ForumHelpSearchMy ProfileSite InfoGuests InfoRepertoireLinks
Congratulations to Ding Liren, who only led right at the death and displayed impressive mental fortitude, as well as some fine play en route to becoming the 17th world chess champion. Kudos too to Ding and his second Richard Rapport for deploying a wide and fairly rich array of openings with the white pieces, including two of our favourites, the London and the Colle!

Download PGN of April ’23 d-Pawn Specials games

>> Previous Update >>

The Trompowsky: 2...Ne4 3 Bf4 Nc6 [A45]

Daniel Naroditsky continues to fly the flag for 1 d4 Nf6 2 Bg5 Ne4 3 Bf4 Nc6?!, which I must admit I still don’t really believe in. After 4 f3! e5!? 5 dxe5 g5 6 Be3 Nc5 White simply has quite a pleasant choice, as indeed we’ve seen before.

One good choice is 7 Nc3 Nxe5 8 Bd4, as we’ll examine in the dramatic encounter that was Djordjevic, V - Naroditsky, D.

The Trompowsky: 2...e6 3 e4 h6 4 Bxf6 Qxf6 5 Nc3 d6 [A45]

After 1 d4 Nf6 2 Bg5 e6 3 e4 h6 4 Bxf6 Qxf6 5 Nc3 we have a couple of developments to catch up on. One is 5....b6!?, which may not be so bad and quickly enabled Jaime Santos Latasa to seize the upper hand as Black against Veselin Topalov no less at the Salamanca Masters, the other is 5...d6 6 Qd3!?:

To me White should be countering on the dark squares and so the standard 6 Qd2 makes good sense, but this alternative queen move was tried by a Chinese GM in Xu Xiangyu - Sandalakis, A.

The Trompowsky: 2...d5 3 e3 c5 4 c3 [D00]

One solid way of meeting the solid 1 d4 Nf6 2 Bg5 d5 is 3 e3 c5 4 c3 when Haik Martirosyan faced 4...Nc6 a few times in the recent strong Satty Zhuldyz tournament.

As we’ll see, 5 Nd2 e5!? remains a critical line, in contrast to which 5 Nf3?! Qb6 6 Qb3 c4! already left White on the back foot in Martirosyan, H - Keymer, V.

The London: 3...c5 4 e3 Nc6 5 Nbd2 [D02]

Yes, 1 d4 Nf6 2 Nf3 d5 3 Bf4 was seen in the world championship match, where 3...c5 4 e3 Nc6 5 Nbd2 cxd4 6 exd4 Bf5 was a solid choice and one met by the fairly critical 7 c3 e6 8 Bb5!? in Ding Liren - Nepomniachtchi, I.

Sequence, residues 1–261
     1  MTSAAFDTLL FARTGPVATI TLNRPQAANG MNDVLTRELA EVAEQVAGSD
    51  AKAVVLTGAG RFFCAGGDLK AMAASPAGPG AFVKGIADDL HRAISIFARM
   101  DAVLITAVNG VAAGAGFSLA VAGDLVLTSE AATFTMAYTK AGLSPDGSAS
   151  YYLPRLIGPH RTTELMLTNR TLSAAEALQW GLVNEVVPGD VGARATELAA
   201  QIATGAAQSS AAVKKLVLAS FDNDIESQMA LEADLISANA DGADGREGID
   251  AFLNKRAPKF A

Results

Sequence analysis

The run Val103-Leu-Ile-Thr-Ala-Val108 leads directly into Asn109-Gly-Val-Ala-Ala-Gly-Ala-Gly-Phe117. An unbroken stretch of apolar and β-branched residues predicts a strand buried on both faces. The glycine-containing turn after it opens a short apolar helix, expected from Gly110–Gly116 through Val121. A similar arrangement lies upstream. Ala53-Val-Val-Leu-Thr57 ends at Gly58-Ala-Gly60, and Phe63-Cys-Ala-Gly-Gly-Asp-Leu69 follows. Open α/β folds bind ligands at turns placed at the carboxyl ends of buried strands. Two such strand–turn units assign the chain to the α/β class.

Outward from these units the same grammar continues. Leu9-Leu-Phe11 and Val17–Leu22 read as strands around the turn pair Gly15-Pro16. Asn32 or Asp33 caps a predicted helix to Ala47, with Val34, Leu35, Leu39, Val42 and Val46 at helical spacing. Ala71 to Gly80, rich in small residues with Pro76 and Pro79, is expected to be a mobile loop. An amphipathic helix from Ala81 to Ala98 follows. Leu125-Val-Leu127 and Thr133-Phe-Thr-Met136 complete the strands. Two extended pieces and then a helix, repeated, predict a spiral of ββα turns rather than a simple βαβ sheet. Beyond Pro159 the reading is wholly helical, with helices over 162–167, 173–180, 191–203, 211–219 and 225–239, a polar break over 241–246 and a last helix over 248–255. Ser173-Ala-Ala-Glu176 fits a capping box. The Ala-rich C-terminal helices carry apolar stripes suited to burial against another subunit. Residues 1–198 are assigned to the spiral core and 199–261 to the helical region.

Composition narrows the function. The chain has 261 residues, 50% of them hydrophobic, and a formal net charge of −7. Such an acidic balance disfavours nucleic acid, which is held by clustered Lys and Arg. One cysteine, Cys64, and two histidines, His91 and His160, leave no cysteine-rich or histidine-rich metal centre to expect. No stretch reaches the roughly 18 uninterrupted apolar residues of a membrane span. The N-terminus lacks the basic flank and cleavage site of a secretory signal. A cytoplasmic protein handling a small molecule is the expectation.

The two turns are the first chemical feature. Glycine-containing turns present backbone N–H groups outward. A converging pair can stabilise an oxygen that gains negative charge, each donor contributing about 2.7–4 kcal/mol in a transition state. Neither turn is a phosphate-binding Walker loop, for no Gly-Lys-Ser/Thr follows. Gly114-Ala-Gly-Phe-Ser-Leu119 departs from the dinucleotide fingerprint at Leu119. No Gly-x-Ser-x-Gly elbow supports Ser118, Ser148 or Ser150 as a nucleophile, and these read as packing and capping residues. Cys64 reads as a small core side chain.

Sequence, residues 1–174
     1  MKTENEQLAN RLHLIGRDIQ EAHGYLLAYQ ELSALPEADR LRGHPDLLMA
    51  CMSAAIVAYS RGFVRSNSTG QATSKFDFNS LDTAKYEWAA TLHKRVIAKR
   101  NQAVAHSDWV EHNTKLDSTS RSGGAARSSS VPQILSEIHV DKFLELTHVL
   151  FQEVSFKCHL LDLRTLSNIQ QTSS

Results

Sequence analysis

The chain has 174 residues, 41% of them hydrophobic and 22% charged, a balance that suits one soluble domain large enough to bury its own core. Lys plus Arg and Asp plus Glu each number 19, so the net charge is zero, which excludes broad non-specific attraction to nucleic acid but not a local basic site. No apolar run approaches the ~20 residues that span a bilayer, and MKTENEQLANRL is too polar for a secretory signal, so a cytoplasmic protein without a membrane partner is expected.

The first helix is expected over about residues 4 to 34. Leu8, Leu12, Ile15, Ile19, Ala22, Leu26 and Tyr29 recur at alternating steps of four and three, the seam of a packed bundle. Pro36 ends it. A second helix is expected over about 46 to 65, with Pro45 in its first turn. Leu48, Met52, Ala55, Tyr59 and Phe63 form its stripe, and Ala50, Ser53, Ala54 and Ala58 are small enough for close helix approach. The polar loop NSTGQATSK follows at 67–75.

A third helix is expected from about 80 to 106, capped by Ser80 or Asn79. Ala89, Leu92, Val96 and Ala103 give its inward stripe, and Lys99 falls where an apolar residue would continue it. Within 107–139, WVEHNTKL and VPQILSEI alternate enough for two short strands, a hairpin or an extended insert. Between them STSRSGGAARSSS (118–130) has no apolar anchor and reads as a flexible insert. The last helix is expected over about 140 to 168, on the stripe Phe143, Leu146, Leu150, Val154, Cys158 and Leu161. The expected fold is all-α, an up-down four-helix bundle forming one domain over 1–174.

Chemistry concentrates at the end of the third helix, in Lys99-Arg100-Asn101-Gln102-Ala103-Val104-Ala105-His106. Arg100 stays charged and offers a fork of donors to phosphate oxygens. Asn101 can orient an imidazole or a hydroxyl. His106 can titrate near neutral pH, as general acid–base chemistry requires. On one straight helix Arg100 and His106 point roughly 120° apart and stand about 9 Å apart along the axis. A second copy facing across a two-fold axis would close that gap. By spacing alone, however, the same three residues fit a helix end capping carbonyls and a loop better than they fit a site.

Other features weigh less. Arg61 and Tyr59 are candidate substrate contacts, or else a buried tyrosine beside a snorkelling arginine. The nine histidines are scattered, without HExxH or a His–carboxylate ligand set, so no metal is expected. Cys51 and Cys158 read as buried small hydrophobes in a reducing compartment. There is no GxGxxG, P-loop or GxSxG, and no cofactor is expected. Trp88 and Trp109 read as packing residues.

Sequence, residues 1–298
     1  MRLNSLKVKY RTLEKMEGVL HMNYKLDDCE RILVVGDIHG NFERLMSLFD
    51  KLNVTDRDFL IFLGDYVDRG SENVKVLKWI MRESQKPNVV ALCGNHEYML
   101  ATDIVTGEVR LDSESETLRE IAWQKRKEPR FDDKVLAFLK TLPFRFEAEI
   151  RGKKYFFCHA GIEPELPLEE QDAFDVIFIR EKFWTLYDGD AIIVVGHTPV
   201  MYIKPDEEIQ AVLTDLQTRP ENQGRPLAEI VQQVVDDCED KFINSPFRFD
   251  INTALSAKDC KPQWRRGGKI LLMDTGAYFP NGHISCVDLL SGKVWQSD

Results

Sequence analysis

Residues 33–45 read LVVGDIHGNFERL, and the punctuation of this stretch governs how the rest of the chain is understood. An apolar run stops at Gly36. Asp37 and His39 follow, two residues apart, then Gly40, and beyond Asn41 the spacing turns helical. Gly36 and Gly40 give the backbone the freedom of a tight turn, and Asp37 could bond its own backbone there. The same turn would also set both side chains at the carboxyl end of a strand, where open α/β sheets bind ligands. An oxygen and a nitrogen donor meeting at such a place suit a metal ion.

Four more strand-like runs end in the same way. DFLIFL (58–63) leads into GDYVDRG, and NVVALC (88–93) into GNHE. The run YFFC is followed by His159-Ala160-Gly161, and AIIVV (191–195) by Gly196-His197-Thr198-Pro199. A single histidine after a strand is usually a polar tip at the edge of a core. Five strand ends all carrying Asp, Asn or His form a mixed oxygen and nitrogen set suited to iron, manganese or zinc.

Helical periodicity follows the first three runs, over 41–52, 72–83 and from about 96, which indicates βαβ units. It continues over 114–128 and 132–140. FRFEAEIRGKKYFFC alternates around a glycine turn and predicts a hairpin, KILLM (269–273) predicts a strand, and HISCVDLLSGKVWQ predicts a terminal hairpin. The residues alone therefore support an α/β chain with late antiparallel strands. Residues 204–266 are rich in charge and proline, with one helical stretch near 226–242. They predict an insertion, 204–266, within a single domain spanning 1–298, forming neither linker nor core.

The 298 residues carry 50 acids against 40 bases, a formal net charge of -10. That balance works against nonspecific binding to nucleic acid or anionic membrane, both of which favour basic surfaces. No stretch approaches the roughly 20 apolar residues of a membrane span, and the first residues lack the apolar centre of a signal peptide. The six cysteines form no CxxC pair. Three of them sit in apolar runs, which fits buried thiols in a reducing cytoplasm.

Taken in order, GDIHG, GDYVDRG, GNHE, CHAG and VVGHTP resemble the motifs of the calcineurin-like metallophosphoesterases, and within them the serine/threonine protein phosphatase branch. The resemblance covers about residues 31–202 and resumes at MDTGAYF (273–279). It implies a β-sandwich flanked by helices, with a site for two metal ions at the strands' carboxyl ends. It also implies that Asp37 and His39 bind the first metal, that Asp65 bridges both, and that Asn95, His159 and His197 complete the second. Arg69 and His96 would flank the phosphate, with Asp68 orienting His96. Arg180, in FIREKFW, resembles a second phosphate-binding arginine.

This sidesteps 8 Qb3 Bd6! and led to a very instructive win for the future champion.

The Torre: 3...d5 4 e3 c5 5 c3 Nbd7 6 Bd3 Be7 7 Nbd2 [D03]

We have a few developments to catch up on after 1 d4 Nf6 2 Bg5 e6 3 Nd2 where play transposes from the Trompowsky into the Torre. Some involve the insertion of 3...h6 4 Bh4, but that is by no means obligatory for Black and 3...c5 4 e3 d5 5 c3 Be7 6 Bd3 Nbd7 7 Ngf3 b6 8 0-0 Bb7 9 Ne5 0-0 remains an important line:

I wonder if White should fight for control of e4 here with 10 Qf3!?, since the standard 10 f4 was fairly well met by 10...Ne4! in Schandorff, L - Thybo, J, an encounter which ends with White a queen up, but unable to prevent mate.

The Colle: 3...c5 4 Nbd2 cxd4 5 exd4 [D04]

I wasn’t too surprised by a London, but didn’t expect to see 1 d4 Nf6 2 Nf3 d5 3 e3 cropping up in Astana, where 3...c5 4 Nbd2 cxd4 5 exd4 Qc7 6 c3 again saw Ding reach a Carlsbad structure, or rare version of a Caro Exchange if you prefer.

With plenty at stake, nerves and some strange decisions would occur in what became a gripping encounter, beginning with 6...Bd7?!, which was surely just asking for 7 Ne5 rather than 7 Bd3, see Ding Liren - Nepomniachtchi, I.

The Colle: 3...e6 4 Bd3 Be7 5 b3 0-0 6 Bb2 [D05]

We also have Vladimir Kramnik’s recent patronage of the Colle-Zukertort to enjoy, including with 1 d4 d5 2 Nf3 Nf6 3 e3 e6 4 Bd3 Be7 5 b3 0-0 6 Bb2 b6 7 Nbd2 Bb7:

This is a very solid line for Black, a notion which even Kramnik was unable to dent for a fair while, despite starting with the slightly unusual 8 Qe2!? in a bid to tempt Black forwards in Kramnik, V - Urazayev, A.

Will we have more top-level games to enjoy next month? I do hope so!

Until then, Richard

>> Previous Update >>